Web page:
Monday, March 16, 2009

Lessons in Advancement of the Whole

Maya's Grocery in Galveston

What to do when an artist has a few shows under their belt is a common quandary around the world and here in town. Pushing your own work is exhausting, and walking the tightrope between being forward-thinking and overbearing is tough. Trudging away in the studio (or garage or kitchen table) is the best way for an emerging artist to hone their craft, but talking with other artists, curators, writers and the like is equally important to artistic development.

Considering the amorphous nature of artwork today- community focused, genre-jumping, medium-integrating, collaborative, site-specific and/or crowd-sourced- not many are sure of what to do with their own objects they produce and value. Keep making them, but don't be hemmed in my the thinking that what you produce as an artist is only those bits and pieces of your life. It's your whole life that you have to offer, and if you don't use it- you lose it.

Artists today are the writers and curators of yesteryear, and harnessing the ability to articulate your vision in words and network within a group of friends is really all you need to do. Learning the ins and outs of marketing, blogging, documenting and selling art come with the territory. No one is going to do it for you, and one of the best ways to get into future shows is to organize one today.

One of the best examples of the process is CUMANANA, at Saltworks Gallery in Atlanta. Organized by ex-CORE Fellow William Cordova, the show features artists from Houston, Miami and New York that Cordova knows and has worked with. Being an Art Institute of Chicago and Yale graduate doesn't hurt, but Cordova was opening up the definition of an artist back in Miami in the 90s- throwing underground shows in houses, storefronts and empty buildings- and he has brought that sensibility to his aboveground career.

As the online revolution completely redefines our society, it is not only artists who are losing their identities, but it is artists who have the best ability to experiment with new structures of organization and modes of expression and help steer the progress of culture into a new paradigm.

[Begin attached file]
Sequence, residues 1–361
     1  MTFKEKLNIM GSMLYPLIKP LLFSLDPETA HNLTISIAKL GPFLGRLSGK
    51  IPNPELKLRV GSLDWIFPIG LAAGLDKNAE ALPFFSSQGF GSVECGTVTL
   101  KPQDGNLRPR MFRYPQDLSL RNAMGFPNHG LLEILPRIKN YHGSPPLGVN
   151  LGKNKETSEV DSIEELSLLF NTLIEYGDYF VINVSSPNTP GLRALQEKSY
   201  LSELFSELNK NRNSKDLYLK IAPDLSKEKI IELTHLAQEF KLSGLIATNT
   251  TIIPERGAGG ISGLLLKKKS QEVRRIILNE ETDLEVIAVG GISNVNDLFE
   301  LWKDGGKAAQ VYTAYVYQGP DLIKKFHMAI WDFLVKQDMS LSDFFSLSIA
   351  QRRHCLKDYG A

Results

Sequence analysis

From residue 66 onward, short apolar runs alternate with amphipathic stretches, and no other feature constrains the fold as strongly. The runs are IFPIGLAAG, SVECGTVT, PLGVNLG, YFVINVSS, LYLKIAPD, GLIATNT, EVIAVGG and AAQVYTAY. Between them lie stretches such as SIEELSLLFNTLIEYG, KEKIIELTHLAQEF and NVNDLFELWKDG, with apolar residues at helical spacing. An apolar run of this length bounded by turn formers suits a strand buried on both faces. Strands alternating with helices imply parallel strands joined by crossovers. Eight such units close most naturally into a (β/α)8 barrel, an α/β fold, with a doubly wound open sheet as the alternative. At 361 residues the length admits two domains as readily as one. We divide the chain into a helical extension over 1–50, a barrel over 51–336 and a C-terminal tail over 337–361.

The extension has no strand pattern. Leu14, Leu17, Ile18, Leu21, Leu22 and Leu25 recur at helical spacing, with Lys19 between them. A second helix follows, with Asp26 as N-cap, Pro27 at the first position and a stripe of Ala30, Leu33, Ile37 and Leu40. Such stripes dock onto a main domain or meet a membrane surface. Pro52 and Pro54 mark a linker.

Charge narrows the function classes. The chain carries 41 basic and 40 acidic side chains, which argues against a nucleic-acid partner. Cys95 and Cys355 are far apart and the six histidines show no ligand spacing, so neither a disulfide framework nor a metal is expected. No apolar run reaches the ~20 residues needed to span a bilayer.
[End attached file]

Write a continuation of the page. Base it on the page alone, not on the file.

Clay Shirkey, in his recent Newspapers and Thinking the Unthinkable, draws strong parallels between today and the dawn of the 16th century, when people didn't know what the fuck the printing press and newly distributable books would do to society. We're not reliving 1968 any more. This isn't reimagining the October Revolution or the storming of the Bastille. This is talk of cultural schism, destruction of order and reformation of political power. Maybe this should be the age of manifestos again, but anyone calling for revolution is sorely misguided.

Shirkey argues for the unknowability of technological revolution "During the wrenching transition to print, experiments were only revealed in retrospect to be turning points...

That is what real revolutions are like. The old stuff gets broken faster than the new stuff is put in its place. The importance of any given experiment isn’t apparent at the moment it appears; big changes stall, small changes spread. Even the revolutionaries can’t predict what will happen. Agreements on all sides that core institutions must be protected are rendered meaningless by the very people doing the agreeing... Ancient social bargains, once disrupted, can neither be mended nor quickly replaced, since any such bargain takes decades to solidify.

Though his specifics relate to the sadly dying newspaper business, Thinking the Unthinkable is full of lessons for any industry today. Experiment. That's the new rule.

Curators like Hans Ulrick Obrist have been elevated to the scrutiny of the artist (his self having spawned artwork by other artists about him, including Philippe Parreno and Rirkrit Tiravanija’s Untitled (ventriloquist performance #1) at the CAMH right now) and artists need to strike right back. The structure of the artworld is up for grabs.

Saltworks Gallery
Atlanta, Georgia

Johanna Almiron, Dawolu Jabari Anderson,
Jade Cooper, William Cordova,
Nathaniel Donnett, Leslie Hewitt,
Gean Moreno, Glexis Novoa,
Mari Omori, Ernesto Oroza,
Ronny Quevedo, Kaijiro Suzuki,
Mary Valverde

read a review at Art Relish

CUMANANA Saltworks Gallery, Atlanta
johanna almiron

CUMANANA Saltworks Gallery, Atlanta
nathaniel donnett

CUMANANA Saltworks Gallery, Atlanta
glexis novoa(detail of graphite drawing)

CUMANANA Saltworks Gallery, Atlanta
gean moreno +ernesto orozo(sculpture), ronnie quevedo (background framed drawings),
jabari anderson (free standing)

CUMANANA Saltworks Gallery, Atlanta
leslie hewitt(photo), ernesto oroza(free standing sculpture), mary valverde (wall sculpture)

CUMANANA Saltworks Gallery, Atlanta
glexis novoa (wall drawing detail)

CUMANANA Saltworks Gallery, Atlanta
Jade Cooper (sculpture next to wall) Glexis Novoa (wall drawing)

CUMANANA Saltworks Gallery, Atlanta
gean moreno

CUMANANA Saltworks Gallery, Atlanta
ronnie quevedo (framed drawings) jabari anderson (free standing sculpture) mari Omori (spiral wall piece)

go throw a show.


Anonymous said...

A nice and true enough thought, but not wholly correct in my opinion.

The socially insoluble is the essential attribute of meaningful work. It's the difference between fashion and style. Watch out with the heavy petting!

Anonymous said...

nice nice nice!